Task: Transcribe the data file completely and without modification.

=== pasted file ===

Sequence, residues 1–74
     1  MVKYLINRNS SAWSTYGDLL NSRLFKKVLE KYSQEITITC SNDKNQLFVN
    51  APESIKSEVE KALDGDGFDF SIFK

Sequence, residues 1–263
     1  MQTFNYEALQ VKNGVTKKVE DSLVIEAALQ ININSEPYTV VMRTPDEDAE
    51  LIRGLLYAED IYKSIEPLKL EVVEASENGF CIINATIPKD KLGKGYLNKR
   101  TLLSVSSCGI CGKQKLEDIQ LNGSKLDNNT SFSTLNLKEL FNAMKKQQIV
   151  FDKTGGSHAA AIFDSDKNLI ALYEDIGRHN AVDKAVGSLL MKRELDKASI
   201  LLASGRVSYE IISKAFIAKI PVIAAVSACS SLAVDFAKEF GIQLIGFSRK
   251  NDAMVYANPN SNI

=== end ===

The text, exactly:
Sequence, residues 1–74
     1  MVKYLINRNS SAWSTYGDLL NSRLFKKVLE KYSQEITITC SNDKNQLFVN
    51  APESIKSEVE KALDGDGFDF SIFK

Sequence, residues 1–263
     1  MQTFNYEALQ VKNGVTKKVE DSLVIEAALQ ININSEPYTV VMRTPDEDAE
    51  LIRGLLYAED IYKSIEPLKL EVVEASENGF CIINATIPKD KLGKGYLNKR
   101  TLLSVSSCGI CGKQKLEDIQ LNGSKLDNNT SFSTLNLKEL FNAMKKQQIV
   151  FDKTGGSHAA AIFDSDKNLI ALYEDIGRHN AVDKAVGSLL MKRELDKASI
   201  LLASGRVSYE IISKAFIAKI PVIAAVSACS SLAVDFAKEF GIQLIGFSRK
   251  NDAMVYANPN SNI